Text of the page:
Appraiser Using the Subject Property as a Comparable

5 Replies

Do any appraisers know if you can use the subject as a comparable?  My father-in-law is refinancing a property he purchased in April.  The appraiser used his purchase and purchase price as the number one comp.  I have never seen this done before?  Do any appraisers know if you can do this? 

That sounds way off!  Using the subject as a comparable means comparing something to itself!

Hmmm. I'm assuming that the your father in law purchased the home recently?  This sounds like something that should be avoided at all costs. There would have to be no other comps in the area to even think about it.  Still, it would be a slippery slope for the industry.

I have not heard of doing that (not an appraiser) but it sounds like the logic the city of Philadelphia used for tax appraisal. I'm not sure if they still do it, but the first three years of appraisals were based off of the sale price. If you paid that amount it was hard to deny the value being at least that. The logic here might be a reverse of that, stupid as that would sound.

As an appraiser I can tell you that it should never happen, clearly doesn't make sense, an underwriter should also call the appraiser on this as well.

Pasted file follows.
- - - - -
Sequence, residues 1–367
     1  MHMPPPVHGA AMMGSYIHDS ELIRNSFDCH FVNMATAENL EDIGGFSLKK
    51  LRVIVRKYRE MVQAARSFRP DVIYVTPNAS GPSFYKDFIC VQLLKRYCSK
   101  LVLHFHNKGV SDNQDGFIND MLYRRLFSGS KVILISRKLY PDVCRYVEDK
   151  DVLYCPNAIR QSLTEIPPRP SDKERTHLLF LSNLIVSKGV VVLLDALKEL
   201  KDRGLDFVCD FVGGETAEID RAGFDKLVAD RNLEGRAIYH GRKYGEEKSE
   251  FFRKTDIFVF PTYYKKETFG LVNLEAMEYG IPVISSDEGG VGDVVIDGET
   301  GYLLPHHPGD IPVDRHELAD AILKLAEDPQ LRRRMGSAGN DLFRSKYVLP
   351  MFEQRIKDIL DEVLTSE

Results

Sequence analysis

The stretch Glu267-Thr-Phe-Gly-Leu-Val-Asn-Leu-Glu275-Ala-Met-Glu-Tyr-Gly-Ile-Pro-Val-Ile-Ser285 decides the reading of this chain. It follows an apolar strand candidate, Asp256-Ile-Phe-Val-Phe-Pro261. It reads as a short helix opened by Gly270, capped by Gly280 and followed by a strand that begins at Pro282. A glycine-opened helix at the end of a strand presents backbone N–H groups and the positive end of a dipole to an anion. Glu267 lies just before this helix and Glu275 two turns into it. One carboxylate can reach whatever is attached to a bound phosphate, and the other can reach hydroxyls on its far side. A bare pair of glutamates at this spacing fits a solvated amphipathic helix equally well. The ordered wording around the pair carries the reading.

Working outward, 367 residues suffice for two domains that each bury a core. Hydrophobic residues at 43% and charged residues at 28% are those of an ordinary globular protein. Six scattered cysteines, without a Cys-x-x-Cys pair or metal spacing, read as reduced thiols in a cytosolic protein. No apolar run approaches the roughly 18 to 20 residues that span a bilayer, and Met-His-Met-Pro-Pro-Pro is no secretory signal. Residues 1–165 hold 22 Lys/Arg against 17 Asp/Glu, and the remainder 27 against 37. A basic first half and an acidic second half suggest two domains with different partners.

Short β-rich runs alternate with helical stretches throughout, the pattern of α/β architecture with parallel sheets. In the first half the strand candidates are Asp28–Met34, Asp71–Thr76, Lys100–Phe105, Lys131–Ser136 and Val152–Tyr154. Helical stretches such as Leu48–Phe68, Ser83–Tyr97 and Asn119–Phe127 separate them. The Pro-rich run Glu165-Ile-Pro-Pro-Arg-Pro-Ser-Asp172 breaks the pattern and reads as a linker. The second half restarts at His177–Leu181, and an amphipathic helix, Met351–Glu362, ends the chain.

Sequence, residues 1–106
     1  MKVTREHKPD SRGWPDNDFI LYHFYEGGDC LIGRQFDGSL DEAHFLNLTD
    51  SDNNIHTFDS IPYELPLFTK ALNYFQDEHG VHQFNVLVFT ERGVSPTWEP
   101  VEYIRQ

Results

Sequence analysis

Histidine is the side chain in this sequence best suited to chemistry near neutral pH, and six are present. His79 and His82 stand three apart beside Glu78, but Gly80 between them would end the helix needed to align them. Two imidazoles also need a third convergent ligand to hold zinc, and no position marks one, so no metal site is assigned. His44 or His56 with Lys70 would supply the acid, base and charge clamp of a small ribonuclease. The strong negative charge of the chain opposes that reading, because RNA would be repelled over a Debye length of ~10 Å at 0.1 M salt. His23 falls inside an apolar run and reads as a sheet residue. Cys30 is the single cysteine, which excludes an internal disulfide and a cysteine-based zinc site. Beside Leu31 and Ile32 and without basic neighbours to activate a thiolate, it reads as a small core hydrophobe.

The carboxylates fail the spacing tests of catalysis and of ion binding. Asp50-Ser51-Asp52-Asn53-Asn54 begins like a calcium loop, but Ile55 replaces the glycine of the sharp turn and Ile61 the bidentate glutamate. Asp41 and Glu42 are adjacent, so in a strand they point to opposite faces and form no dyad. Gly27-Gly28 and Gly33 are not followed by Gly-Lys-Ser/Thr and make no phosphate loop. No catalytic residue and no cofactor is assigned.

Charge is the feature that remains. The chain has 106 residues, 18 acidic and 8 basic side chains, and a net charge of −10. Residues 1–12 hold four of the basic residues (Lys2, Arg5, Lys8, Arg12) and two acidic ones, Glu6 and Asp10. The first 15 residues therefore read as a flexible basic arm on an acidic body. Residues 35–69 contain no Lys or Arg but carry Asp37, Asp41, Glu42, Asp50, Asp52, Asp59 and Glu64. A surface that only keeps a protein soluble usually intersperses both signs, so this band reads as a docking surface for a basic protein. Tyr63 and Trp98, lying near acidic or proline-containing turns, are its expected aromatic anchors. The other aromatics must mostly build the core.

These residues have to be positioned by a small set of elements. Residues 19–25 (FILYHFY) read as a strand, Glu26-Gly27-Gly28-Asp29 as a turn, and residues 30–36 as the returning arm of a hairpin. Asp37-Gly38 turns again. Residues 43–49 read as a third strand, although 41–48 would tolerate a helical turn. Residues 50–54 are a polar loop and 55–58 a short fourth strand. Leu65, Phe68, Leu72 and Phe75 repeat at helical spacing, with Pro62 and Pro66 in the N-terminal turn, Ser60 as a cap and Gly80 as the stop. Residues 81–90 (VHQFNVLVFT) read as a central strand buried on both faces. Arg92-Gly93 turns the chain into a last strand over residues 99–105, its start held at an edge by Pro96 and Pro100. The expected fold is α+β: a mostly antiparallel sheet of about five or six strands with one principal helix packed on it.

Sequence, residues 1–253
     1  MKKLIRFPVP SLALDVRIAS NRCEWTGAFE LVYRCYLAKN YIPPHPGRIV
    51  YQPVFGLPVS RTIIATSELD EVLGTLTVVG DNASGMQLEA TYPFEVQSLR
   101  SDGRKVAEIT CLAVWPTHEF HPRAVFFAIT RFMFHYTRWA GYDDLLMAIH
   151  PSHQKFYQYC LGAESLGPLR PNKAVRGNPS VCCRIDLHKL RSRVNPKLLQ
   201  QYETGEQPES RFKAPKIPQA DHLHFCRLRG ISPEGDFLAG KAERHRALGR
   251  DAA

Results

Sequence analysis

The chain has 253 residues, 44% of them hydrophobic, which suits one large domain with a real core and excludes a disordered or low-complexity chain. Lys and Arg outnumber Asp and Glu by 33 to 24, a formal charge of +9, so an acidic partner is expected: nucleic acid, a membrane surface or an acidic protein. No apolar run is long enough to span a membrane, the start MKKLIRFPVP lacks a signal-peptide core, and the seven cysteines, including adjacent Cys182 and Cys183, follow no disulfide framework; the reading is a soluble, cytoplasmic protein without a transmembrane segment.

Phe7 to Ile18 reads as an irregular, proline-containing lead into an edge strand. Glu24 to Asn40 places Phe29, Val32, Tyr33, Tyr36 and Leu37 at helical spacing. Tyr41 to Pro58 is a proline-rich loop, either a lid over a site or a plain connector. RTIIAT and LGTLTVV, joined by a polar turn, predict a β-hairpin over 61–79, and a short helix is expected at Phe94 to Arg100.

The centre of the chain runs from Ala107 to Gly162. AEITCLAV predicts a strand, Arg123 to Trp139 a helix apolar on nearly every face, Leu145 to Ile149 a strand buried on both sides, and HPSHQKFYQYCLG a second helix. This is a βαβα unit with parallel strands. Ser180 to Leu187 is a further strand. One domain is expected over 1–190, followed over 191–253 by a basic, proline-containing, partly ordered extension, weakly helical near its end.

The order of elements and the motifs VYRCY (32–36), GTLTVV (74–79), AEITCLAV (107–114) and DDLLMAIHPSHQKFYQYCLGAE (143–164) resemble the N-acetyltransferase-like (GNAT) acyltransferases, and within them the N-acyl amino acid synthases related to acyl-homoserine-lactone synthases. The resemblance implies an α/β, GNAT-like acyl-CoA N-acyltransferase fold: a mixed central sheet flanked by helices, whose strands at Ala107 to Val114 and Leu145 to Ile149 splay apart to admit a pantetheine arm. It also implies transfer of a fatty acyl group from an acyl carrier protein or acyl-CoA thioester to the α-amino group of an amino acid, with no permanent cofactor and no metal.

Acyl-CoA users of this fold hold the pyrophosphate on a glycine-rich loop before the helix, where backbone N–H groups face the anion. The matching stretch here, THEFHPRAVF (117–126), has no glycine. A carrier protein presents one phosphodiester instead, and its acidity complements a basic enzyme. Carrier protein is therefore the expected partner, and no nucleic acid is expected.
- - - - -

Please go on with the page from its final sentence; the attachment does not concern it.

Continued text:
Agreed, didn't happen or should not have, sure this wasn't a BPO in appraisal form, I could see a Realtor doing that?

In a refi, the rule (again) is within one year, appraisal is based on the sale price or appraised value, whichever is less.

The new appraised value can be lower than the sale price within one year.

If there have been no significant changes in the market or condition of a property the sale price within one year is more reliable for the subject than other comps.

Your father probably got 3 other comps and the subject may be shown as additional data which may be shown in the same way as the comps, but you won't see any adjustments and adjustments were made to the other comps, taking in consideration the last sale, the current estimate of value was determined.

Comps are not to exceed one year, there may be exceptions when market conditions require it, in other words no other comp, if you get past 18 months in residential chance are the lender won't buy it, secondary won't. That indicates the market is not sufficient for the type of loan. USDA is closer in making these types of exceptions in time of sale in rural areas.

Never heard of a 2 year old comp, much less 3 in residential. The time frame desired is less than 3 months, 3 to 6, over 6 less than a year, over a year in exceptions, at 18 months you'll be dead in the water with residential, past is certainly not acceptable.

Commercial such as an industrial property is much different and the market comp approach is not usually the primary consideration.

If the appraisal came back at the past sale price, the other comps didn't indicate any significant change in market conditions, the value remains the same.  

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